Ancient meteorite impact site and wilderness fishing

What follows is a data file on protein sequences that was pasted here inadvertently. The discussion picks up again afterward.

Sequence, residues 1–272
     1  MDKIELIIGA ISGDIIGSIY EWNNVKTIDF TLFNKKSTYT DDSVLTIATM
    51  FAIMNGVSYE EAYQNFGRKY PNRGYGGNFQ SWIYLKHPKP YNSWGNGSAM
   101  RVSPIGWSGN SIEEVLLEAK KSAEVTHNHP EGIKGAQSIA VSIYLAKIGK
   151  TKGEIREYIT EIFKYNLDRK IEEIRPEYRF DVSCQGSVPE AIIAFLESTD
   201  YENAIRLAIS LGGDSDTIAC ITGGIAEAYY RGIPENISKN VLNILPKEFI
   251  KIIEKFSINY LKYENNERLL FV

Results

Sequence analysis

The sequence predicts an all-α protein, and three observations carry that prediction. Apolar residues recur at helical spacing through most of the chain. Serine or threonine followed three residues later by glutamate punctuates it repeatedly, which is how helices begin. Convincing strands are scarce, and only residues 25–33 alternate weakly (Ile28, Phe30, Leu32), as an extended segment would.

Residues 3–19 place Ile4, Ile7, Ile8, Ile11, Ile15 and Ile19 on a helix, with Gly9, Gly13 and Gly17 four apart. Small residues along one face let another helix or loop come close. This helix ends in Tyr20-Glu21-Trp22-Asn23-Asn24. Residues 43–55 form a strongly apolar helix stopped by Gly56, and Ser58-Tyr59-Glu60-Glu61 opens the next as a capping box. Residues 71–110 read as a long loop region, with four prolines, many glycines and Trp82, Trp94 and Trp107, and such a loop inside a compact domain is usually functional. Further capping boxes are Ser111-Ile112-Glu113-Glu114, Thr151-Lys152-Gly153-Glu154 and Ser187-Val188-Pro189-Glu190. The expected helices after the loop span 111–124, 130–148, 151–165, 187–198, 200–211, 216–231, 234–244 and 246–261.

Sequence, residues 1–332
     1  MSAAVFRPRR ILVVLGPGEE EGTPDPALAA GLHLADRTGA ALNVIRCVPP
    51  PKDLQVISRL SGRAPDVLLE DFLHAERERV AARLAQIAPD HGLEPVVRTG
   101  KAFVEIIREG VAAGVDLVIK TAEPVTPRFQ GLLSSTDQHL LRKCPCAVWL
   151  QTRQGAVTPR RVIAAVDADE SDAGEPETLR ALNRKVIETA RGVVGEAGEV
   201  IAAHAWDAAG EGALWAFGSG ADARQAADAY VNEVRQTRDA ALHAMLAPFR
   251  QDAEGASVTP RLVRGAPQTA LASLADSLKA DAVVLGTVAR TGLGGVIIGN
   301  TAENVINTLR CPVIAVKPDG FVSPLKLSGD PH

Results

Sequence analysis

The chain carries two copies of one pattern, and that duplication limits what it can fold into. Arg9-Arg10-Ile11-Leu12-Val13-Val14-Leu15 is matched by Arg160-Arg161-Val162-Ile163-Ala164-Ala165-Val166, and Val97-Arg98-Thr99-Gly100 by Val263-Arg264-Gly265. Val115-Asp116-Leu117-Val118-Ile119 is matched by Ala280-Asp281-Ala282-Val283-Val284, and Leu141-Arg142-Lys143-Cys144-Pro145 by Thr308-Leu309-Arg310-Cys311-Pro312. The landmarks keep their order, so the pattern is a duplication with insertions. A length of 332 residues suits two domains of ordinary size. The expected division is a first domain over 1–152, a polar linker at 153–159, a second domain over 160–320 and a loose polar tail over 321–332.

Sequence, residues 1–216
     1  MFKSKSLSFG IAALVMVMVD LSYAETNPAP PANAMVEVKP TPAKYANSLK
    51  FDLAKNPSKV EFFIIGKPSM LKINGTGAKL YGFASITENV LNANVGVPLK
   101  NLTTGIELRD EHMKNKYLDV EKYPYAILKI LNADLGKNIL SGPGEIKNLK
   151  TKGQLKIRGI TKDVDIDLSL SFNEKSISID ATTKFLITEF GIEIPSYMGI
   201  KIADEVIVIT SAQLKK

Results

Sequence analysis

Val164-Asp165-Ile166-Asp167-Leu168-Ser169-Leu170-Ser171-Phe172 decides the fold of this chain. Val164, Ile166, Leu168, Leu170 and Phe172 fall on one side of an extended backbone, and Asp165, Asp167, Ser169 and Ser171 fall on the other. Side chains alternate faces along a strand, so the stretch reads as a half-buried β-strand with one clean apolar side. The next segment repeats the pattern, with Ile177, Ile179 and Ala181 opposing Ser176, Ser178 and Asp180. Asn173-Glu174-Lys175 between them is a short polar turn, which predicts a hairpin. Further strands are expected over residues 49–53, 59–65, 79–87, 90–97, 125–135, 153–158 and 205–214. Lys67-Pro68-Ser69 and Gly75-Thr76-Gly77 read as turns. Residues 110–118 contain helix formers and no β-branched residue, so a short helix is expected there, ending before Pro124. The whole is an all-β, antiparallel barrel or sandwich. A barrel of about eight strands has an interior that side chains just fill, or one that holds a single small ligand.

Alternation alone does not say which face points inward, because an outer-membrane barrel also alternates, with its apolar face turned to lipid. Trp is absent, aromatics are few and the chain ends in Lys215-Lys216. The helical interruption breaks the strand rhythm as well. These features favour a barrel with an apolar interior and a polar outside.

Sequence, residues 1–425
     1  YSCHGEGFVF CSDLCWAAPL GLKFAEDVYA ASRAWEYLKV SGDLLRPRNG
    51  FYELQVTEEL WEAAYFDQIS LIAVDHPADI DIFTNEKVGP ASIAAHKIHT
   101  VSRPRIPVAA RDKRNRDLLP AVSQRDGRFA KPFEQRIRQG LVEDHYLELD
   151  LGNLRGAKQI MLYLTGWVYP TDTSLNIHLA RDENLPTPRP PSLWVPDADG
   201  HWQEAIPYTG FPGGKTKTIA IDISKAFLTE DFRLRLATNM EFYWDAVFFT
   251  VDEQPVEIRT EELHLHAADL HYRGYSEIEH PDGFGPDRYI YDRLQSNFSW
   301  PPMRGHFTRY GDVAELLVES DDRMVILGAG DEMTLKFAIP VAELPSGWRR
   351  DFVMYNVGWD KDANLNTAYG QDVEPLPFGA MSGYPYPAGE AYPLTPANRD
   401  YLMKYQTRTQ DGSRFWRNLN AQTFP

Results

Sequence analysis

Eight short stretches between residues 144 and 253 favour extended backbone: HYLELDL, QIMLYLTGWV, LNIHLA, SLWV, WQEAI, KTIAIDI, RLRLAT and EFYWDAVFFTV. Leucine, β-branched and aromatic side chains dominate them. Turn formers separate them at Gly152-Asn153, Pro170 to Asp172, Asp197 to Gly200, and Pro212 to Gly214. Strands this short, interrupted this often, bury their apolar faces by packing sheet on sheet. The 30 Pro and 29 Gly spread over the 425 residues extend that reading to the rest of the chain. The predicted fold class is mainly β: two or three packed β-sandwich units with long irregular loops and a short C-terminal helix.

Quebec’s fifth-largest lake measures 10 kilometres across on average, and from a boat, it appears only about 50 kilometres long. Yet when travelling down Manicouagan Reservoir, you never quite reach the end. Instead, you keep turning, almost imperceptibly, in the same direction until you’re back where you started 200 klicks later. That’s because the lake forms a near-perfect, 70-kilometre-wide circle, with a circular island in its centre. Visible from space, the “Eye of Quebec” was blasted into existence 210 million years ago by a massive meteorite, causing unimaginable devastation. Today, nature is doing just fine, with the crater offering excellent wilderness fishing for brookies, lakers, northerns and even landlocked salmon—just what you’d expect after a 10-hour drive northeast of Quebec City.